Movendi International reported on community harm from indigenous communities in Australia and communities in the UK, illustrating how COVID-19 fuels alcohol harm.

Interim findings from the Global Drug Survey indicated two different trends in global alcohol use during the pandemic. A majority of users have changed their alcohol use, one group consuming more and another group consuming less alcohol:

  • Around 25% consume alcohol less frequently and 29.7% reported a reduction in binge alcohol use; and
  • Around 44% say they consume more alcohol.

Research suggests pandemic will worsen alcohol epidemic

Real world examples are already showing that the pandemic is leading to rising alcohol consumption and related harms – at least in specific groups of society – including alcohol use disorder, other mental health issues and violence.

Previous research shows that increased alcohol use is a response to traumatic events such as terrorist attacks and natural disasters. Researchers Sugarman and Greenfield from the alcohol, drug and addiction clinical and health services research program at McLean Hospital in Massachusetts, USA discuss the compounding effects of alcohol harm and COVID-19 and how to respond to the crisis in a research viewpoint published in the Journal of General Internal Medicine.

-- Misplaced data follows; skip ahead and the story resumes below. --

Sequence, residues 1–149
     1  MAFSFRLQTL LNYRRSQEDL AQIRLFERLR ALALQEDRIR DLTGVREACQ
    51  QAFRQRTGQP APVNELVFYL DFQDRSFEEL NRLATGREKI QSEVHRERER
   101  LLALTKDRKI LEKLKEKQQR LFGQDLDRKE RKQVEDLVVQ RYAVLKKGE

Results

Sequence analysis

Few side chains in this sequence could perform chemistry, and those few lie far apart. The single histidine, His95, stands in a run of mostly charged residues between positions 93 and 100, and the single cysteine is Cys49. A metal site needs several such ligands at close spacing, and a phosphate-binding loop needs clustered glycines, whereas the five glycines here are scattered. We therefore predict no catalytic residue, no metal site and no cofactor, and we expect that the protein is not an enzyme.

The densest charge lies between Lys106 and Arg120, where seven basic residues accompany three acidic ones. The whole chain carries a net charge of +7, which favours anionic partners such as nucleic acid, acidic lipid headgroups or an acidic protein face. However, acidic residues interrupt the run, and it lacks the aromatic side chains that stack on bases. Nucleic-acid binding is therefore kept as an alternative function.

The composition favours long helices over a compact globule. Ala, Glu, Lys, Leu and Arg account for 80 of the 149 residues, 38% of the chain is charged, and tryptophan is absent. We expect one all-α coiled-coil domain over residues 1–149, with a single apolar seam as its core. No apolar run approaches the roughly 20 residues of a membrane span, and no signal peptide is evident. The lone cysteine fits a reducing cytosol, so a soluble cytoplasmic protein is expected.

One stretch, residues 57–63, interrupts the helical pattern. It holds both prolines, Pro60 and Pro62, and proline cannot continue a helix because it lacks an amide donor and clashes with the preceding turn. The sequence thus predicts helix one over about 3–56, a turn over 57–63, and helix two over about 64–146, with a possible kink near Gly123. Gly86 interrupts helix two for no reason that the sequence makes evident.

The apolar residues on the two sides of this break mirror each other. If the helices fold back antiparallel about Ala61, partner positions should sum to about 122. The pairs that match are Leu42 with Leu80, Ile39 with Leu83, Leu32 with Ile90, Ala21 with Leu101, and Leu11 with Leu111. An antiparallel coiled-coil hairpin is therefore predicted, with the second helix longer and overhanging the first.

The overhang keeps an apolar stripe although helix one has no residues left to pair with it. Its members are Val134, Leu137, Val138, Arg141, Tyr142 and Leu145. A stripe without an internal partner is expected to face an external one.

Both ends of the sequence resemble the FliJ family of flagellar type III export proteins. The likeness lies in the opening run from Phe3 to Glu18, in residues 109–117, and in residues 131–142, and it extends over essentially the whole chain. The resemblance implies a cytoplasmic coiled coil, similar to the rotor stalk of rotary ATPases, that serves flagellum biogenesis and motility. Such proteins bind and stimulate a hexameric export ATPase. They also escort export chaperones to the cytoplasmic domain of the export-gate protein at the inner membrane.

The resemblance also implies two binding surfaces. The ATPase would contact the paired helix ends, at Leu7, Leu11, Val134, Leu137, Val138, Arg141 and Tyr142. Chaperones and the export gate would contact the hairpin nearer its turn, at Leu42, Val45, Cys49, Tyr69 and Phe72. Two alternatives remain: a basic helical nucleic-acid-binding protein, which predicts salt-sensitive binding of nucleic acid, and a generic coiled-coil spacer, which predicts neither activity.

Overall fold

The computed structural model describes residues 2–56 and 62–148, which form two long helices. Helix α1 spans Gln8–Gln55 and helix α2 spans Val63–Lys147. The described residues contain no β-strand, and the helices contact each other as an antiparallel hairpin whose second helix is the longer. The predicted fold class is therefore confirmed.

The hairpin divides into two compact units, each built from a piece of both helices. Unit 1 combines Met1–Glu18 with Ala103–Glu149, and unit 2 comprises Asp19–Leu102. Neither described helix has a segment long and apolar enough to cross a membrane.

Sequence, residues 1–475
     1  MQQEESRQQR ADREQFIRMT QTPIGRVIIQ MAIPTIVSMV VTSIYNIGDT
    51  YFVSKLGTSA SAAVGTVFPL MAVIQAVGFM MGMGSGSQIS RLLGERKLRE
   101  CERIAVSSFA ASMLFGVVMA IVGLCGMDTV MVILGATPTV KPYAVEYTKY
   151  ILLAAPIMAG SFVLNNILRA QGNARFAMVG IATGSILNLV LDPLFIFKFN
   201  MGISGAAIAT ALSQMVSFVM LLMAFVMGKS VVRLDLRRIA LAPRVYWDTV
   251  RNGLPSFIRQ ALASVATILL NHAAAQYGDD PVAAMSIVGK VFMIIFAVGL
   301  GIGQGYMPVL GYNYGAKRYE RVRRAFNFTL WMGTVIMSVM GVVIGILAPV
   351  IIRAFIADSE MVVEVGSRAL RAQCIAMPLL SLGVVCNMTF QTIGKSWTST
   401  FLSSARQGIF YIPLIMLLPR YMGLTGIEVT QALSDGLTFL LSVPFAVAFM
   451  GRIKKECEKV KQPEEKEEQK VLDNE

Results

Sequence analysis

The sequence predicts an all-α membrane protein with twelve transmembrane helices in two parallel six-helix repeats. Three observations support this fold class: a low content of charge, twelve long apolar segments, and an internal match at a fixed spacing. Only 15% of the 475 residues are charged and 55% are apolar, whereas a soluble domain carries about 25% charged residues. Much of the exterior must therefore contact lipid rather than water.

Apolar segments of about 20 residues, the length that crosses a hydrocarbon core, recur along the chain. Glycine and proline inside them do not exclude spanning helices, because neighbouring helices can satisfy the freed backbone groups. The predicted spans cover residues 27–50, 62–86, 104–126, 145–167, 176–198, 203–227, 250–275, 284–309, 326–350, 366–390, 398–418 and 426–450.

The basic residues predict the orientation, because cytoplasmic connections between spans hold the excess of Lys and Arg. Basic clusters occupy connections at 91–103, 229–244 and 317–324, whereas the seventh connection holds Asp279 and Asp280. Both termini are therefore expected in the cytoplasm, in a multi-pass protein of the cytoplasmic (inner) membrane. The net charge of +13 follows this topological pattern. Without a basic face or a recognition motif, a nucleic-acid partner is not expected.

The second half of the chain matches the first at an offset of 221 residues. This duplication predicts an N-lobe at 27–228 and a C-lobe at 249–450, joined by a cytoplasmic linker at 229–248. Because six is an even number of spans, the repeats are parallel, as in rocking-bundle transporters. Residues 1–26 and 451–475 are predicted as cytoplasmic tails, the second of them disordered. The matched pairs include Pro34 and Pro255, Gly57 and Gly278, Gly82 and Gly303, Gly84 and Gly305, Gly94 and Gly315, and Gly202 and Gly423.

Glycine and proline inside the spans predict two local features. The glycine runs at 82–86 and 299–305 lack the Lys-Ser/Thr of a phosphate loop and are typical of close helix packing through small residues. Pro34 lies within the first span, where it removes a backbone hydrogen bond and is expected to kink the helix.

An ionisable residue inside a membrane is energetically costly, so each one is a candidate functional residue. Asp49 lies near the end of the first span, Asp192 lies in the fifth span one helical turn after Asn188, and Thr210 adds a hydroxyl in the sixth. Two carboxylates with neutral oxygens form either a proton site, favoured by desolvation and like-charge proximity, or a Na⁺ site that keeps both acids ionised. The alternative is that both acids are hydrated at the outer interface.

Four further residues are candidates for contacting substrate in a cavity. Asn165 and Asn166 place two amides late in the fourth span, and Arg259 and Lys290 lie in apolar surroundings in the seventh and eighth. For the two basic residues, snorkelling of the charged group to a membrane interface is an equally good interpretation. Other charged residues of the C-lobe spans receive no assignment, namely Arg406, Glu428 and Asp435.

As Sugarman discusses with Healio Q&A, like other catastrophic events, increases in alcohol use have been linked with stress and anxiety related to the pandemic. However the pandemic is unique as there are increases in alcohol use because of isolation. The pandemic is also much longer lasting than other traumatic events. Therefore, people are experiencing the associated stress and anxiety for longer periods of time. There is still not enough data to estimate the full impact the pandemic will have on population-level alcohol use.

Similar concerns of surging alcohol and other drug use in Australia is highlighted in news reports. For instance, alcohol and other drug experts in Victoria, Australia are preparing for rising cases of substance use disorder and addiction due to the trauma of the coronavirus crisis. A recent study published on the Journal Addiction found that in Australia overall, heavy alcohol use decreased during social distancing measures. However, alcohol users experiencing high levels of stress reported a relatively higher shift in heavy consumption despite reporting a small decrease overall.